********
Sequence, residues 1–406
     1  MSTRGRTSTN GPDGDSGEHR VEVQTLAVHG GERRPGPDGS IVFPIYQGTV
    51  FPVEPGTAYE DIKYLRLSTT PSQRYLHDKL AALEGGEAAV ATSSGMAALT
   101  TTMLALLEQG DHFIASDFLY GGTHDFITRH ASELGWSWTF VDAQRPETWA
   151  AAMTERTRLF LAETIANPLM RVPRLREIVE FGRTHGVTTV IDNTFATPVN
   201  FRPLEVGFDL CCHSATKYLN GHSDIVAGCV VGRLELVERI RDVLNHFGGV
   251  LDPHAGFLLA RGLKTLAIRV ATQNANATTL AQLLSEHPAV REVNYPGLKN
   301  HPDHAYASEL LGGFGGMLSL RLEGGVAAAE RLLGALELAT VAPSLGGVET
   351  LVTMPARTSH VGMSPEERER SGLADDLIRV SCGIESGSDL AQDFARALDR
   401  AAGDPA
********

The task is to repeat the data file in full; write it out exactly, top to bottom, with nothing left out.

Sequence, residues 1–406
     1  MSTRGRTSTN GPDGDSGEHR VEVQTLAVHG GERRPGPDGS IVFPIYQGTV
    51  FPVEPGTAYE DIKYLRLSTT PSQRYLHDKL AALEGGEAAV ATSSGMAALT
   101  TTMLALLEQG DHFIASDFLY GGTHDFITRH ASELGWSWTF VDAQRPETWA
   151  AAMTERTRLF LAETIANPLM RVPRLREIVE FGRTHGVTTV IDNTFATPVN
   201  FRPLEVGFDL CCHSATKYLN GHSDIVAGCV VGRLELVERI RDVLNHFGGV
   251  LDPHAGFLLA RGLKTLAIRV ATQNANATTL AQLLSEHPAV REVNYPGLKN
   301  HPDHAYASEL LGGFGGMLSL RLEGGVAAAE RLLGALELAT VAPSLGGVET
   351  LVTMPARTSH VGMSPEERER SGLADDLIRV SCGIESGSDL AQDFARALDR
   401  AAGDPA